Tri-Valley Repertory Theatre has created an astonishingly bright production of "The Full Monty," mining the musical for all its emotional depth and wild humor.
I wasn't expecting to be surprised by the production; it was the sixth time I'd seen the show. But I was profoundly surprised. What in my mind had been a nice, warm musical about a group of out-of-work steel workers staging a strip show to earn some much-needed cash turned out to be something much more.
Director John Maio and his cast have found in Terrence McNally's script a world of wisdom on the human condition, particularly the relationships between husbands and wives, while squeezing each chuckle and belly-laugh out of the show.
At the heart
Jerry is inspired -- or desperate enough -- to try a new way of making money: stripping. A professional male-stripping company had just made a killing in the town, and Jerry figures a troupe of local talent would be even better. He promises his guys will go the full monty when it comes to the stripping part.
His pals are hesitant, but when he tells them there will be about $50,000 to be made in one night, the guys hop on board and eagerly flock to an audition. The cash beats
The audition for the show may be one of the most hilarious bits of theater ever on stage. The men who decide to try out experience emotions well beyond stage fright, dealing with body image issues they'd never thought about, concerns about size of bellies and other things and a general sense that they are doing something quite unmanly.
But there's the $50,000 and the sense that their relationships are in critical care and close to flat-lining. So, it's basically a strip-or-die situation.
As the show draws near, the guys continue to worry, but they are able to talk about things at home -- feelings they'd not been able to explore with their wives.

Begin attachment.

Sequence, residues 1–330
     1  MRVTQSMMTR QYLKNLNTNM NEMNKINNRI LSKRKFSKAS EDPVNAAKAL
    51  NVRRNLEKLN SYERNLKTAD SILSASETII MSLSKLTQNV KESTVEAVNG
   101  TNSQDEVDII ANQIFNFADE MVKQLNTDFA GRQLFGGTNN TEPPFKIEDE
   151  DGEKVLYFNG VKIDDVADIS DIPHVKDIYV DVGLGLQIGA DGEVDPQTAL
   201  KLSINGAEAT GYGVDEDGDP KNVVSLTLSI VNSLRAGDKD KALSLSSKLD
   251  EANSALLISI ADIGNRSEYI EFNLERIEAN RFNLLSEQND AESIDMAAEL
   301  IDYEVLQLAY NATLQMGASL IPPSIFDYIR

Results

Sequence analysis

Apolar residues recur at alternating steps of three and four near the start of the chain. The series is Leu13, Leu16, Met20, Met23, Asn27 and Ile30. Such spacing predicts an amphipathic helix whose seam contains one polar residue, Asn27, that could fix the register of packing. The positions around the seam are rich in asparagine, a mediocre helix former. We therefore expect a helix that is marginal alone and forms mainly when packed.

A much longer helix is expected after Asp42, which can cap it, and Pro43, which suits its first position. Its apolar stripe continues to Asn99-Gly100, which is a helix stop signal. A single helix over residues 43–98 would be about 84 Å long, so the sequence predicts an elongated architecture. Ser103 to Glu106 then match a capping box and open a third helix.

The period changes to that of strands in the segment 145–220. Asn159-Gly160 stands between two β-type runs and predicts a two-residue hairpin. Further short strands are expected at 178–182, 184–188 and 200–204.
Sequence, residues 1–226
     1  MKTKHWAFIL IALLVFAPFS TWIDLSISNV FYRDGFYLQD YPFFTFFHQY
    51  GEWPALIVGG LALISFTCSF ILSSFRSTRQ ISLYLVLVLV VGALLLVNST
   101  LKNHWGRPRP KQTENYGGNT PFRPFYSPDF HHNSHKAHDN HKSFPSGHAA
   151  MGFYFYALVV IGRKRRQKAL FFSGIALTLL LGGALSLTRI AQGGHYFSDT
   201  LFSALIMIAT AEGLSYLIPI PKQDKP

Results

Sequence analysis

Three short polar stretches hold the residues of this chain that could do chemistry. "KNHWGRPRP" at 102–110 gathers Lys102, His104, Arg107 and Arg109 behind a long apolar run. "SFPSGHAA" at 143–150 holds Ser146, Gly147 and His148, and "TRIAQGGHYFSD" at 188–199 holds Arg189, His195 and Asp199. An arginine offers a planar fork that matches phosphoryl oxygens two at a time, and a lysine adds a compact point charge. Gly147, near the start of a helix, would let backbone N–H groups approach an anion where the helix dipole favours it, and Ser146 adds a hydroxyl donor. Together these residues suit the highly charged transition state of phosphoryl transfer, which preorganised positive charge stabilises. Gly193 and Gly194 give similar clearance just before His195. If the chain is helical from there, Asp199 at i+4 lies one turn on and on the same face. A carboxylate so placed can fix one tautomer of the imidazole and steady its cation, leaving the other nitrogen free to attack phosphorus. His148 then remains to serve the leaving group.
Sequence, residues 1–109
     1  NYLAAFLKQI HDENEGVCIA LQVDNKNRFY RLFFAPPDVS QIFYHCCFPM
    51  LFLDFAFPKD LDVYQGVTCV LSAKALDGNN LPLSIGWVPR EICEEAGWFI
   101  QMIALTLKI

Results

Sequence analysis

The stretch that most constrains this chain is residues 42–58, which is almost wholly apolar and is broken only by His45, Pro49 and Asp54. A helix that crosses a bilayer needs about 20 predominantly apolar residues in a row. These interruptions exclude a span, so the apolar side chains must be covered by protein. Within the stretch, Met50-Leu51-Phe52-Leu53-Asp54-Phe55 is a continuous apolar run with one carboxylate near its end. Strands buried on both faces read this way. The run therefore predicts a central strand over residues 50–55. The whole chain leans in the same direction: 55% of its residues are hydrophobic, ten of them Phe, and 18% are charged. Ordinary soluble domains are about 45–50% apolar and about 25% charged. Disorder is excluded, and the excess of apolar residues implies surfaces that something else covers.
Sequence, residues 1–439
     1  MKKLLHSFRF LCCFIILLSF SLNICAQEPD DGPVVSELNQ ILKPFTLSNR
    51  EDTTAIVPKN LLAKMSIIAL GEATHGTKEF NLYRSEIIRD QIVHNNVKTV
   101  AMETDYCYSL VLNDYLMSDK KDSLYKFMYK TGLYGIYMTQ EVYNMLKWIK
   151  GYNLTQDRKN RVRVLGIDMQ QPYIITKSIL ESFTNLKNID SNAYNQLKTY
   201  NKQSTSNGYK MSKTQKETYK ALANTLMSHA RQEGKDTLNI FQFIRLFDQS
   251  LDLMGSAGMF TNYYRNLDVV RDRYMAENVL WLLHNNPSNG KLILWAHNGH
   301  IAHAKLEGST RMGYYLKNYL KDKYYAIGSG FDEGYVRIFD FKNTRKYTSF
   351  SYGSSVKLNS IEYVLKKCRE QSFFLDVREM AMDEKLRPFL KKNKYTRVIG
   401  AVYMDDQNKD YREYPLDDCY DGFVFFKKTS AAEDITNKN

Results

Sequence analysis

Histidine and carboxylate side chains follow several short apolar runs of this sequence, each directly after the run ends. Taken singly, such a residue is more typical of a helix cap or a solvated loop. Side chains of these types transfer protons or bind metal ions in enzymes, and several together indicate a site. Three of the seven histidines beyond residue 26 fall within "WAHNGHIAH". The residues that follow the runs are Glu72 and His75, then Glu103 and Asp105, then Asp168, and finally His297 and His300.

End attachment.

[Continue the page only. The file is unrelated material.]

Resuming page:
The show is full of funny, moving moments. The relationship of the whole Lukowski family is a delight, as is the emerging closeness of Dave Bukatinski (Marty Newton) and his wife, Georgie (Julia Etzel). Big humor comes from Belinda Maloney's turn as the guys' accompanist, a former vaudevillian who will say just about everything, and Lavale-William Davis, as Noah "Horse" T. Williams, who lets it all go in his audition number, "Big Black Man."
Choreographer Kevin Hammond has created some incredible dances, including the blow-the-roof-off final number. Kelly Tighe's set is a beautiful, functional and colorful piece of art.
And then, of course, there's the final question. Do the guys go the full monty? Do you get to see it all in downtown Livermore?
Well, that is the question, isn't it?
Contact Pat Craig at firstname.lastname@example.org.
'THE FULL MONTY'
By David Yazbek and Terrence McNally, presented by Tri-Valley Repertory Theatre
When: Through Feb. 3
Where: Bankhead Theater, 2400 First St., Livermore
Running time: 2 hours,
Tickets: $28-$38, 925-373-6800, or http://tickets.livermoreperformingarts.org/single/eventDetail.aspx?p=2829